Spam filters' collateral damage

Blocking devices can go too far, keep out e-mail users had requested

The Atlanta Journal Constitution, May 30, 2003

I work for a private high school. I send our newsletters to alumni by e-mail.

Less than two years ago, we followed the protocol to gain e-mail addresses through the opt-in process -- the alumni have to sign up on our Web site to receive the newsletter by e-mail.

After we spent money and time to do this right, a new e-mail protocol emerged. We had to invest more time and money because now you must do confirmed or double opt-ins -- once people add their name to the list, they reply to a confirmation e-mail that they did indeed request to have the e-mail newsletter sent to them.

If you don't follow this procedure, your e-mail delivery rates fall drastically. This was supposed to satisfy the latest opt-in requirements. But that went out the window when the Internet service and e-mail providers began running filters that read all and block an undisclosed percentage of e-mails.

Our school has also been falsely blacklisted by some Internet service providers. They now run filters that essentially read all e-mail without regard to whether the recipient wants it. If it sounds like an ad, it's blocked.

Furthermore, after the ISPs block it, the e-mail is lost. There is no protocol to send me an e-mail to state the e-mail was blocked.

We know it is blocked because constituent contacts who work in informational technology departments are calling me and telling me so. Or because constituents called and asked why they don't get my e-mail any more, even though they are still in my distribution list.

I have invested more than 1,000 hours learning what I have to do next, what tools to use, what words I can't use, to get my e-mail delivered to everyone who asked for it. I am still not there.

The filters have no way and never will have a way of interpreting the end users' personal choice of what to receive.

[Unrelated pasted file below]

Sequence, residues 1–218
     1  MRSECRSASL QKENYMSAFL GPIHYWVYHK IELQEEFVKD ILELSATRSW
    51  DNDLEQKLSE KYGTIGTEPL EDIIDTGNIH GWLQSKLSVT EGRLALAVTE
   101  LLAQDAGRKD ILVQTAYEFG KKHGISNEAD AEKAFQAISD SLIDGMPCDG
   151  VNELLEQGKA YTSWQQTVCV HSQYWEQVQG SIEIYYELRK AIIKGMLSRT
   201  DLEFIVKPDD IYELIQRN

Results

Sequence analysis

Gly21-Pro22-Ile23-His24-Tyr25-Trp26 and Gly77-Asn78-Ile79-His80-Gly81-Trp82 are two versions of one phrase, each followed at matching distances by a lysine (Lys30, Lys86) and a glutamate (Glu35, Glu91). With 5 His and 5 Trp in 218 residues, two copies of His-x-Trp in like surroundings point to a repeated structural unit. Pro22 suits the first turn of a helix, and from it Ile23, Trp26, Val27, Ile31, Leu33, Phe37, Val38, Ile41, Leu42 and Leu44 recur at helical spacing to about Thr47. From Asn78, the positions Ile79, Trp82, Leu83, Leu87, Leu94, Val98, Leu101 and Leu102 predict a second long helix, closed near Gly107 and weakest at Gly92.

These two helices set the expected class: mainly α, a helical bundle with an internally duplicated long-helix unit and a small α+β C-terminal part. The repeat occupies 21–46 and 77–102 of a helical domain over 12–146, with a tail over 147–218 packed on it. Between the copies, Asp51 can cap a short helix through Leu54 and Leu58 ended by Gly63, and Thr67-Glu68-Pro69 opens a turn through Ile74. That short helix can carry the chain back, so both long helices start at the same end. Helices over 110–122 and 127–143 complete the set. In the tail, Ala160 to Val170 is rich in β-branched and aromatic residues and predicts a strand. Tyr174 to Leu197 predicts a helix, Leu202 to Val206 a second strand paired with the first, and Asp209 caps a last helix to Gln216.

My nonprofit, private high school sends event information to our alumni, and my e-mail has been blocked because I used terms such as "alumni admitted free." I didn't know "free" was a forbidden word and thus now restricted from my vocabulary.

It's a given: Spam is unpopular. But the response to that has been an erratic, error-riddled, no-protocol, unchallenged and unaccountable block to whatever the big ISPs think may be an ad.

Sometimes the ad is spam (unwelcome) and sometimes it is not. But if it looks like an ad and sounds like an ad, then it's an ad and therefore -- by the ISP's filter definition -- unwelcome. What gives them the right to block commerce?

How much e-commerce is lost in our sluggish economy because advertising phobics don't want to spend 30 seconds deleting e-mail they don't want?

Don't get me wrong, I don't like getting the Viagra and casino ads, either. But my ISP does not block my e-mails at all, and I get about 25-30 per day. It takes me less than one minute to read the subject line and trash it like I do walking into my house with the snail mail (some makes it into the house and most hits the trash can).

I believe in the protection of e-mail under the First Amendment protection of commercial free speech.